A Dictionary of the English Language
                        A Digital Edition of the 1755 Classic by Samuel Johnson
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View Scan · View Transcription · from page 1039

View Scan · View Transcription · from page 1039

Ídiot. n.s. [idiote, Fr. idiota, Latin; ἰδιώτης.] A fool; a natural; a changeling; one without the powers of reason.

                    Life is a tale,
Told by an idiot, full of sound and fury,
Signifying nothing.
Shakespeare's Macbeth.

What else doth he herein, than by a kind of circumlocution tell his humble suppliants that he holds them idiots, or base wretches, not able to get relief? Raleigh's Essays.

By idle boys and idiots vilify'd,
Who me and my calamities deride.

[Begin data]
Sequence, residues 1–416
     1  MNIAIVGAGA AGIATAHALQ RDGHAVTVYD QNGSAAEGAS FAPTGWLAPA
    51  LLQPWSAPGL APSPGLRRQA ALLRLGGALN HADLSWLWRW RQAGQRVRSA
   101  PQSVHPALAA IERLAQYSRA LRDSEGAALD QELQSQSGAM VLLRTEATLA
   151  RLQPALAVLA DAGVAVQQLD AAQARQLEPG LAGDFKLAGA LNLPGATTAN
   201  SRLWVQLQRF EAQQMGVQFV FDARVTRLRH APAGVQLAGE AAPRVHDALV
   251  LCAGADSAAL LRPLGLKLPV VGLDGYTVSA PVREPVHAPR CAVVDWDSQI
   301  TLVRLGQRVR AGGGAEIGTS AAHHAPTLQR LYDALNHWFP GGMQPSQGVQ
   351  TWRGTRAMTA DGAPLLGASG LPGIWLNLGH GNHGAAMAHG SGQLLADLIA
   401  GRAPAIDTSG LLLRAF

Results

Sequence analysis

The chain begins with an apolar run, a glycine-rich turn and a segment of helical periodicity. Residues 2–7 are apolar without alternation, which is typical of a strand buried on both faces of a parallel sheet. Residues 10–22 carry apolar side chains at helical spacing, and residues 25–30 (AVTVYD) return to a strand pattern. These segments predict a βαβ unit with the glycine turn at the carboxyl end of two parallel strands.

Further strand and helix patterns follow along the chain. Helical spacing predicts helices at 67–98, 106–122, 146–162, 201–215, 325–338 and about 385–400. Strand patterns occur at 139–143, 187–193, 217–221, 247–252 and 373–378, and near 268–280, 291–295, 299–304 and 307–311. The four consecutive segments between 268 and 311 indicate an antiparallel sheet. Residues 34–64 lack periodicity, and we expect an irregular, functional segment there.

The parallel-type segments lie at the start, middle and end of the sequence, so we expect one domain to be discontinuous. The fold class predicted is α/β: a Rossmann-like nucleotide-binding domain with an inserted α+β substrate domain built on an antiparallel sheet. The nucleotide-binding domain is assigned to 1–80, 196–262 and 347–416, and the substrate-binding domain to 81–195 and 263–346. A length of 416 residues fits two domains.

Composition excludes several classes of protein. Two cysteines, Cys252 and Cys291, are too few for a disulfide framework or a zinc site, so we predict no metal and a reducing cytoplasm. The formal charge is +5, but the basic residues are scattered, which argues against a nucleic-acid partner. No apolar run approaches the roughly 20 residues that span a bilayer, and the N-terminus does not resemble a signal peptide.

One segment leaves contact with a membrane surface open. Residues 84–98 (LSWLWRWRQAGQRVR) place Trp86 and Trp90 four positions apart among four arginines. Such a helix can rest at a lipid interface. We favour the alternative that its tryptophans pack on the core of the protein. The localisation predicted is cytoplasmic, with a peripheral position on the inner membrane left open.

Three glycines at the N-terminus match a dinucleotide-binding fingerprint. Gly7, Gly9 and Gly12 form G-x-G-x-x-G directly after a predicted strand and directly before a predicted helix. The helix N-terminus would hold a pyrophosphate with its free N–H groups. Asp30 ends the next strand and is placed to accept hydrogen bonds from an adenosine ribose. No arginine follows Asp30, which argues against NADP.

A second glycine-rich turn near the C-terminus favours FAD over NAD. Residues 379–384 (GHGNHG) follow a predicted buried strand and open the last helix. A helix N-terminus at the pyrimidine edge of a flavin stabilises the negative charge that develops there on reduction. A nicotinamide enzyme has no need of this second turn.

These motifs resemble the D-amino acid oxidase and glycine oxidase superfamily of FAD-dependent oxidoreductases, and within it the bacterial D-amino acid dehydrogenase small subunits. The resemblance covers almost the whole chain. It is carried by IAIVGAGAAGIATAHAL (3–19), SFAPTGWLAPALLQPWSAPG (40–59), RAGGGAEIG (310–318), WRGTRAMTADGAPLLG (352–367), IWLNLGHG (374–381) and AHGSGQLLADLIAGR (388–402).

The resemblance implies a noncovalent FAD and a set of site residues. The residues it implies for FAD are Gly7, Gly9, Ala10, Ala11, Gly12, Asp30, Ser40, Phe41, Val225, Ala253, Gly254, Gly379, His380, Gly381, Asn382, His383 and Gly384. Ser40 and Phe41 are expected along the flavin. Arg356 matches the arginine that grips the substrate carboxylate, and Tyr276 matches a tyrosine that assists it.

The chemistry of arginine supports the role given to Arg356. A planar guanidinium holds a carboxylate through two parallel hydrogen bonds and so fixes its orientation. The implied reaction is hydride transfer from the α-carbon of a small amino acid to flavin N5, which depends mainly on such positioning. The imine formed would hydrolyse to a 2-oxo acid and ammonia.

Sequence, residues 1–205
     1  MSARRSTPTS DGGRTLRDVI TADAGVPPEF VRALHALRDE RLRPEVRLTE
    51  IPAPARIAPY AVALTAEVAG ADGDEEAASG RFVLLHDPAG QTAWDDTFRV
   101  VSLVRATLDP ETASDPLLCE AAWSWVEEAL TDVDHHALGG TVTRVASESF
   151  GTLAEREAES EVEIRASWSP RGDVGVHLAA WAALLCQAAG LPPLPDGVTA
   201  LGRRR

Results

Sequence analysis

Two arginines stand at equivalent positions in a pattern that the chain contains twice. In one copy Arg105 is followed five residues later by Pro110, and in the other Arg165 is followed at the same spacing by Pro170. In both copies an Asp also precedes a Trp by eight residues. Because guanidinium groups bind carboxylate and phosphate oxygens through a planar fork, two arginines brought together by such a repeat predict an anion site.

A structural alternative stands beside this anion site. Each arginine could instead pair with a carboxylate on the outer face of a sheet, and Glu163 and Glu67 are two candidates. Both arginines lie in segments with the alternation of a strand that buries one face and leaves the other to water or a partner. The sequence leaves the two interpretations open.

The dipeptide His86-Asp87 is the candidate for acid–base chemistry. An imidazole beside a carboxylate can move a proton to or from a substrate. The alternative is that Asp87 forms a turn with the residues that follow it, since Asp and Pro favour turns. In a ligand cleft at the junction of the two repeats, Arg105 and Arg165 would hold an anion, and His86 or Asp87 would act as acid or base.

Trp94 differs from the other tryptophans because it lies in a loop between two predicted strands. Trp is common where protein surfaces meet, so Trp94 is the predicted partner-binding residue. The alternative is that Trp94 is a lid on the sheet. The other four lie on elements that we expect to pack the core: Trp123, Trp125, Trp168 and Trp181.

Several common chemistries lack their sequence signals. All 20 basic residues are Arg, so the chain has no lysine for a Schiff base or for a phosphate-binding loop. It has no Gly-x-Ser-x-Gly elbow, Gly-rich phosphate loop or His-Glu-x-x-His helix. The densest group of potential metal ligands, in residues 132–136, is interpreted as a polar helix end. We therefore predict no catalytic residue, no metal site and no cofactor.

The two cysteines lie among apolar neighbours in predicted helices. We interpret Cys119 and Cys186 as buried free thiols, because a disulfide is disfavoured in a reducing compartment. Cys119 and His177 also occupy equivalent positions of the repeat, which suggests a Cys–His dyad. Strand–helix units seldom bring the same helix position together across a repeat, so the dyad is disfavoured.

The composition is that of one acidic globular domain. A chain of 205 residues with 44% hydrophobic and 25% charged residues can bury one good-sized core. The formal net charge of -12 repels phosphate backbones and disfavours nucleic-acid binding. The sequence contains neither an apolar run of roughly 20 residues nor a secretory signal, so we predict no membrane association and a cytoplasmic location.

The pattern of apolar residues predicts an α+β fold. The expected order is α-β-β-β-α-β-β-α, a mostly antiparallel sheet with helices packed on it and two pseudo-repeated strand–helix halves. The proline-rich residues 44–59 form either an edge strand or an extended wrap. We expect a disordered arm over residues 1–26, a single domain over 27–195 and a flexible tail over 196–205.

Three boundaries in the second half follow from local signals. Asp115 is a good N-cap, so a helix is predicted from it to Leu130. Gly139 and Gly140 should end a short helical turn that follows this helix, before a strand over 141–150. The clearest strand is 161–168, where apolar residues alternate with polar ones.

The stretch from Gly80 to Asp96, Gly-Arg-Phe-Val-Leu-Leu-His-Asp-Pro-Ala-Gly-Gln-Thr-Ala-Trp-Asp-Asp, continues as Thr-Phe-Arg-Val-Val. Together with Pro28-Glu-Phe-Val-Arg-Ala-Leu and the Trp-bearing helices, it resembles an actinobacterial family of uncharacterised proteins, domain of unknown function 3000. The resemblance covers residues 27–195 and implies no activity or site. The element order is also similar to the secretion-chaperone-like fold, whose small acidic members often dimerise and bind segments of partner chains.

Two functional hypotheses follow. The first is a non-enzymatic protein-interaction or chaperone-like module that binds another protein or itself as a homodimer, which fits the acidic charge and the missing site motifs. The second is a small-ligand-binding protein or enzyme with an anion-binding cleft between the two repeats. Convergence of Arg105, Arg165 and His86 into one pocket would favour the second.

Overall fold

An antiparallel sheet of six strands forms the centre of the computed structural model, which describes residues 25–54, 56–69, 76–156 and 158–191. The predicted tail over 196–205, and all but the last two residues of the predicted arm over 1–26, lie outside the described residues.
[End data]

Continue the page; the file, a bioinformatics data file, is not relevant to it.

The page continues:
Many idiots will believe that they see what they only hear. Dennis.

Sources: Dennis, John (3) · Shakespeare's Macbeth (136) · Raleigh, Walter (68) · Sandys, George (23)

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Cite this page: Johnson, Samuel. "Idiot." A Dictionary of the English Language: A Digital Edition of the 1755 Classic by Samuel Johnson. Edited by Brandi Besalke. Last modified: May 20, 2013. https://johnsonsdictionaryonline.com/idiot/.

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